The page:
Dangers of the Proposed Bayer-Monsanto Merger
The resulting merger will push a model of agriculture that forgoes advantageous local ecological practices and jeopardizes the livelihoods of small-scale farmers, warns Global Justice Now’s Heidi Chow
SHARMINI PERIES, TRNN: It’s the Real News Network. I’m Sharmini Peries coming to you from Baltimore.
Last week German chemical giant Bayer announced it plans to purchase the agricultural seed and supplies company Monsanto for 66 billion dollars. If the deal goes through this will be one of the all-time largest mergers of the decade. At first glance the two companies operate in different markets and Bayer is mainly known for chemicals and pharmaceuticals and Monsanto is best known for its genetically modified seeds. Here’s what the CEOs of the two companies Werner Baumann and Hugh Grant had to say.
WERNER BAUMANN: For Bayer, this step will significantly strengthen the opposition as a leading life science company in the world. Both healthcare and agriculture of attractive growth perspectives. With our innovative products we hope to improve people’s quality of life.
PERIES: A combined Bayer-Monsanto company would become the largest agribusiness company in the world, controlling 29% of the world seeds and 24% of the world’s pesticides. The European Union must still approve the deal and food activist groups are mobilizing against this merger.
Joining us now to talk about this merger is Heidi Chow. Heidi works at Global Justice Now’s agribusiness campaign to challenge a corporate takeover of global food systems. Heidi thank you so much for joining us today.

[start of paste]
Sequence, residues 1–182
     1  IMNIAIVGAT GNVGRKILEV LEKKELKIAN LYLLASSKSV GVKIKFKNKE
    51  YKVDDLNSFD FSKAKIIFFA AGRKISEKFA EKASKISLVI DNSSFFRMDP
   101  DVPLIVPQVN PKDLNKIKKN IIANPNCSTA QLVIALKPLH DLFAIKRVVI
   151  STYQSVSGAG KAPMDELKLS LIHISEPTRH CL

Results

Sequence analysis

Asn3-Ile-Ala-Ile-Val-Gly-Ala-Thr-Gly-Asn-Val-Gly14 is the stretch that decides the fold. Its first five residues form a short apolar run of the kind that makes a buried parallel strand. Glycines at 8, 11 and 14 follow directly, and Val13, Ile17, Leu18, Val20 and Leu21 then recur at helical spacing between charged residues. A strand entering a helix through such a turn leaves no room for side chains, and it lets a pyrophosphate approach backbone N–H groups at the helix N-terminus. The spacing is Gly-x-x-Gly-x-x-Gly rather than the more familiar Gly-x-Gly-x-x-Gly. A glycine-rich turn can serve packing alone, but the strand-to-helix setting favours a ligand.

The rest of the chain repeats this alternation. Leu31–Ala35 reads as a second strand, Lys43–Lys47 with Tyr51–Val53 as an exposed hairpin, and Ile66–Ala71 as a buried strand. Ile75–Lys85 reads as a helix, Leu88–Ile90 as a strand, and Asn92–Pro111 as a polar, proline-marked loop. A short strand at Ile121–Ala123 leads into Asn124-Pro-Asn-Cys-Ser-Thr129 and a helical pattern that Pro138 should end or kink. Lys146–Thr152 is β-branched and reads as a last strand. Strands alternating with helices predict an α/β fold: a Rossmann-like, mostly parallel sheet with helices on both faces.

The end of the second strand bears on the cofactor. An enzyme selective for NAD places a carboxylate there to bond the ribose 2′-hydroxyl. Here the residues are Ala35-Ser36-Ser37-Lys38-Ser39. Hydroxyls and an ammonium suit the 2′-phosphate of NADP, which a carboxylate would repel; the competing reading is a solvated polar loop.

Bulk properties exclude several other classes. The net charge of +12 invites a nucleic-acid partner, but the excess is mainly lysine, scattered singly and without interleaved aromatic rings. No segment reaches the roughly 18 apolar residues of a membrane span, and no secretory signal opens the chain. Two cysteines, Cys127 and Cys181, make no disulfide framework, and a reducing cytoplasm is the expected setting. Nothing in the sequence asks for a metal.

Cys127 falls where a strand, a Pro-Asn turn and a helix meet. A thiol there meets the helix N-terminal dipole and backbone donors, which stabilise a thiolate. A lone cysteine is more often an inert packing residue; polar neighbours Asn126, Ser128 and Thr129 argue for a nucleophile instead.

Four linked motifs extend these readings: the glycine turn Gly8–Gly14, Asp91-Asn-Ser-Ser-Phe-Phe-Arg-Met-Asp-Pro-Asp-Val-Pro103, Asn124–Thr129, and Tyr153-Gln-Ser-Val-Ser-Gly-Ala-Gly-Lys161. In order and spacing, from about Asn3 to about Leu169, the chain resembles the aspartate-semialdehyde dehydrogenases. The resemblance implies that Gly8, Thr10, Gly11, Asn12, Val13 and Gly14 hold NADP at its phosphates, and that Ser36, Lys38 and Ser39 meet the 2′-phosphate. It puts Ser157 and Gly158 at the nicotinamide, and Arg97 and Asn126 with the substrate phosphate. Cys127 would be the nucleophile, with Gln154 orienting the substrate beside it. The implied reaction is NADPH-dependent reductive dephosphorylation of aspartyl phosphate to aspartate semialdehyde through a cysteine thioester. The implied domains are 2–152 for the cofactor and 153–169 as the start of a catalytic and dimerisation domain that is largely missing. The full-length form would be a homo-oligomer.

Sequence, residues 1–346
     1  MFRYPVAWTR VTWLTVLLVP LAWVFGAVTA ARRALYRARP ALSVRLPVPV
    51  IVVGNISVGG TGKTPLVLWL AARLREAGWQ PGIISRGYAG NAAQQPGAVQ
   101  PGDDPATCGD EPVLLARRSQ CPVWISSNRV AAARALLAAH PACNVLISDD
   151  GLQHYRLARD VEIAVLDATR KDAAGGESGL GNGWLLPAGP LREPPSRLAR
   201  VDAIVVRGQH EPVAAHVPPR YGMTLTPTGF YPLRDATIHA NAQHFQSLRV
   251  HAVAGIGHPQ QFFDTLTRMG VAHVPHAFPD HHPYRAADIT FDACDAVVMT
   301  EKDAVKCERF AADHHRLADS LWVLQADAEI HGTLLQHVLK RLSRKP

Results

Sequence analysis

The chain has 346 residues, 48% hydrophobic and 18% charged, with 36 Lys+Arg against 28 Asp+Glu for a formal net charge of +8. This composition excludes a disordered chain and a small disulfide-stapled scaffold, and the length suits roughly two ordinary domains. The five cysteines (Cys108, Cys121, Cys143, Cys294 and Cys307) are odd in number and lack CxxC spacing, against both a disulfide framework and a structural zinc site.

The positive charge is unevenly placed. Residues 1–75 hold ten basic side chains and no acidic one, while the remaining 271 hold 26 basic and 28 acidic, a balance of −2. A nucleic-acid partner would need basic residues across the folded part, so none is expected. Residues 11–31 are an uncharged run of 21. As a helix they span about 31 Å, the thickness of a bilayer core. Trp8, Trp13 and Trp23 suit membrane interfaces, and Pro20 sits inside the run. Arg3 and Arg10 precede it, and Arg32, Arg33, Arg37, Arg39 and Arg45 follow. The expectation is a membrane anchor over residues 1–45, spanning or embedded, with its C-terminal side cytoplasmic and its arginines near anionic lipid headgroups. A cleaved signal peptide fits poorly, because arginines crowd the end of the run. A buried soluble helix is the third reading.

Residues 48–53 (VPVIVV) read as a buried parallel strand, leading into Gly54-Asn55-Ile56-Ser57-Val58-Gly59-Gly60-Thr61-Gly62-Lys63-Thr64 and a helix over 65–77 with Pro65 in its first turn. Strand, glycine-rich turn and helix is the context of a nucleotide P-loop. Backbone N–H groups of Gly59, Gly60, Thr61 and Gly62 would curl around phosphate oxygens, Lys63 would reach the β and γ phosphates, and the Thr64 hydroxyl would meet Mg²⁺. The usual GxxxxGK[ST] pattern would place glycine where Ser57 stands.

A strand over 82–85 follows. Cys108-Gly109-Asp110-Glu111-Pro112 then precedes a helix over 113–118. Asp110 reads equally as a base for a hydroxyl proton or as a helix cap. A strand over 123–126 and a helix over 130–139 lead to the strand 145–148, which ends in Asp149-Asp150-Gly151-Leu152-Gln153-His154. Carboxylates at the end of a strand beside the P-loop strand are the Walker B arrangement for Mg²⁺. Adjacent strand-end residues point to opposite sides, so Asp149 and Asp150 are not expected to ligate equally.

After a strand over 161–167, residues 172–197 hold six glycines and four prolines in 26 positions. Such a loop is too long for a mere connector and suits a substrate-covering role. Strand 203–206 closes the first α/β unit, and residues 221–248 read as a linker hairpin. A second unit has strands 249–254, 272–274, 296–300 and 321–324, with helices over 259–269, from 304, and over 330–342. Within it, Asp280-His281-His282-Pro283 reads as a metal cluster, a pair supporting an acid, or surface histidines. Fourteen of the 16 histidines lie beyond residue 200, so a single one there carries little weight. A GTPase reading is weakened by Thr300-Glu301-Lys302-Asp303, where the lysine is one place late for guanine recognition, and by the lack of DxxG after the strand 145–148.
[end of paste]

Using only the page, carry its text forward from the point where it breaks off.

HEIDI CHOW: Thanks for having me.
PERIES: Heidi, as we could see from the statements by the CEOs, they were brief comments. Nevertheless, they were promoting the merger as something that will benefit the consumers and farmers that now can purchase fertilizers, seeds, and pesticides all from the same company. What is your reaction to the deal?
CHOW: So I’m really concerned about this merger because what we’re seeing is, we’re seeing 2 big players in a seed and the agrochemicals market coming together to ultimately form a [meta]corporation which together would actually take home vast control of commercial seeds, agrochemicals, but ultimately over our food system. We’re really concerned that this is not going to be in the public interest. Nor in the interest of the environment. Not in the interest of small scale farmers across the world who are the main producers of food and feed about 70% of the world’s population.
PERIES: So what do you think the consequences will be on the farmers in actuality?
CHOW: So there are two kind of main concerns I suppose. So the first one is around the industry is increasingly consolidating. The big 6 in the agrochemical industry are now becoming the big 3 because there have been other mergers announcements during the course of this year. So that’s farmers who are dependent on commercial and agrochemicals would have a reduction in the number of suppliers of these items. But more concerning for us I think is that both Bayer and Monsanto are in the forefront of pushing a model of agriculture which increasingly takes control away from small scale food producers and into the hands of multinational corporations.
They push a model of agriculture where farmers who have been saving seeds for generations who’ve been cultivating their own seeds and been swapping them in their communities. Where they’ve been using agroecological methods to fertilize soil and get rid of pests. These farmers are being pushed into a different model where they are being forced to depend on these big corporations. Where these big corporations are able to set prices, terms and conditions, and ultimately their packages of seeds and chemicals need to purchase year upon year which is an additional cost and can jeopardize livelihoods.
PERIES: Well what do you say to organizations and research houses and laboratories that are working on the Monsanto seeds and trying to–they see themselves as addressing a possibility of drought and global hunger and so forth and they’re trying to come up with innovative ways in which they can feed the world.